I wrote a few days ago about the current Christian tactic of insisting that any pusback against their attempts to force everyone else to live by their religious rules is “persecution” of the Christians. This post does an excellent job of expounding upon that point:
Accept the inevitability of gay rights, advises Ross Douthat, but “build in as many protections for religious liberty as possible along the way.” Here’s the idea: If your disapproval of certain kinds of people can be rooted in church doctrine or a handful Biblical proof-texts, then forbidding you to mistreat those people violates the “free exercise” of religion you are promised by the First Amendment.
To make this work, conservative Christians need to divert attention from the people they are mistreating by portraying themselves as the victims. And that requires cultivating a hyper-sensitivity to any form of involvement in activities they disapprove of. So rather than sympathize with the lesbian couple who gets the bakery door slammed in their faces, the public should instead sympathize with the poor wedding-cake baker whose moral purity is besmirched when the labor of his hands is used in a celebration of immorality and perversion.
. . .
In fact the baker will be fine, as Willamette Week demonstrated by calling two such religious-liberty-defending bakeries and ordering cakes to celebrate a variety of other events conservative Christians disapprove of: a child born out of wedlock, a divorce party, a pagan solstice ritual. The bakers did not object, because their hyper-sensitive moral purity is an invention, a convenient excuse for treating same-sex couples badly.
. . .
We worked this stuff out during the civil rights movement, because all the same ideas show up with regard to race.
Plenty of people claim a sincere religious belief in white supremacy, and root it in Biblical texts like the Curse of Ham. (This goes way back: American slave-owners found Biblical license for keeping their “property”.) But the law does not honor these claims, and somehow religion in America survives.
Here’s the principle that has served us well: In private life, you can associate with anybody you like and avoid anybody you don’t like. But if you offer goods or services for sale to the public, you don’t get to define who “the public” is. So when you’re making lunch at your house, you can invite anybody you like and snub anybody you don’t like, but if you run a lunch counter you have to serve blacks.
We’ve been living with principle for decades, and (other than Rand Paul) no one worries much about the racists’ loss of freedom.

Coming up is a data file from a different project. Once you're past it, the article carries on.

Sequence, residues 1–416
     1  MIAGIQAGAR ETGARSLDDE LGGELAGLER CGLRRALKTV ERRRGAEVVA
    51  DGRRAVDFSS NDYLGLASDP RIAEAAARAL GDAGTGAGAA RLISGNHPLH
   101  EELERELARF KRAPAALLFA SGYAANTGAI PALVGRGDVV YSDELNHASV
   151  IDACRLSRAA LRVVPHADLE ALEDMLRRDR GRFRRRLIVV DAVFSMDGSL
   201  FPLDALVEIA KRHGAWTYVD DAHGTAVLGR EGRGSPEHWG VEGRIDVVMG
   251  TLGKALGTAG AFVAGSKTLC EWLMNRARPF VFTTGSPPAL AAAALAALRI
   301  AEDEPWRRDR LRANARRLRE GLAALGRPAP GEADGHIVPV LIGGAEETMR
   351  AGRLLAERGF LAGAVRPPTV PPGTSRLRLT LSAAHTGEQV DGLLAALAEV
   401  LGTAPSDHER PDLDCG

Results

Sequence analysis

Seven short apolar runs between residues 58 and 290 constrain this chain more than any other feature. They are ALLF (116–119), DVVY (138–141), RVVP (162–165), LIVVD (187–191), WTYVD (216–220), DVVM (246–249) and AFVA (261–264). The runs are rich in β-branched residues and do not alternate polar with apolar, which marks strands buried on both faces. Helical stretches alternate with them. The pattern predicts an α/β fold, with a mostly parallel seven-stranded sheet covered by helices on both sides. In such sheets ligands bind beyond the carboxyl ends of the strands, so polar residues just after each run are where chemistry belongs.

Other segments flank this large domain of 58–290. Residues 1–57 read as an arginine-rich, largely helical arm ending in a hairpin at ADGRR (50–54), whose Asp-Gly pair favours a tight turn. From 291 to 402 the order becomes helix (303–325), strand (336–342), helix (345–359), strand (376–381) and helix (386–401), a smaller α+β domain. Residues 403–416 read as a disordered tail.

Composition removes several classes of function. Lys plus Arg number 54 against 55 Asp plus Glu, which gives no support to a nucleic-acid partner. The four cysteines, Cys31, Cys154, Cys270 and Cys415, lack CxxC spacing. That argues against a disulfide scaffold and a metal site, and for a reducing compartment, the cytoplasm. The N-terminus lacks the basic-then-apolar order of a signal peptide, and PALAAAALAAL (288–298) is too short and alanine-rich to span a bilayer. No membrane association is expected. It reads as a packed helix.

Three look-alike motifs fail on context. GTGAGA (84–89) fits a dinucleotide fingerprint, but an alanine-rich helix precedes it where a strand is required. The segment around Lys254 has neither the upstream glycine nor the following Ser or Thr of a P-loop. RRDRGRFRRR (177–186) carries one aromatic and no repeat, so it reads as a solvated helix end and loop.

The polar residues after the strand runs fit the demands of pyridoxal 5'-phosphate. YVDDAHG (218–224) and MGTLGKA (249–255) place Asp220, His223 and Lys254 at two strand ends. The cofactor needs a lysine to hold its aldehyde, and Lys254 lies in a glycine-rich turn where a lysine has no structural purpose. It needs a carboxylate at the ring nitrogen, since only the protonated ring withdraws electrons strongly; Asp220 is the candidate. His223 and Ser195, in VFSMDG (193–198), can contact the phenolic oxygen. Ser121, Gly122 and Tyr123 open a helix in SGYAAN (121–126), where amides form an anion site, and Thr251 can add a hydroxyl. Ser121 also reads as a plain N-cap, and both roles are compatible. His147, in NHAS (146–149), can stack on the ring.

That should apply to same-sex couples now: If your chapel is reserved for members of your congregation, fine. But if you rent it to the public for wedding ceremonies, same-sex couples are part of the public just like interracial couples are. You don’t get to define them away.
I’ll add that when religion moves into the public sphere, such as when a church regularly rents out its hall to the public, the church benefits from all of the things that society does, such as printing money that the renters can use to pay for the hall and the church can then use to buy candles, providing courts where the church can sue if the renters don’t pay up, and maintaining a police department that will come and arrest people if the party gets too rowdy. So it’s reasonable to expect, in return, that the church follow the laws that society imposes.
The latest whiny patriarchialist is science fiction author Orson Scott Card, a board member of NOM, which boycotts every corporation that even considers any gender-neutral politics, who wrote an essay in which he said that gays “cannot be permitted to remain as acceptable, equal citizens within . . . society,” and who has worked very hard to prevent same-sex marriage. Now, Card has a movie coming out and well, all of a sudden, boycotts are a form of intolerance and liberals are hypocrites if they won’t go see his movie:
Ender’s Game is set more than a century in the future and has nothing to do with political issues that did not exist when the book was written in 1984. With the recent Supreme Court ruling, the gay marriage issue becomes moot. The Full Faith and Credit clause of the Constitution will, sooner or later, give legal force in every state to any marriage contract recognized by any other state. Now it will be interesting to see whether the victorious proponents of gay marriage will show tolerance toward those who disagreed with them when the issue was still in dispute.
Of course, when liberals ask Christians to be “tolerant” of other people, we mean that while they may believe what they like, they ought not to show up at funerals with signs that say “God Hates Fags” and that they ought not to try to criminalize other religions that marry same-sex couples. We’re not suggesting they have to buy tickets to attend movies by people with whose politics they disagree. NOM and Mr. Card are free to boycott Starbucks and other companies that support gay rights. And we’re free to boycott Card’s movie.
I’m a big science fiction geek, but I won’t be seeing Ender’s Game. I wouldn’t mind watching The Trouble with Tribbles again, though.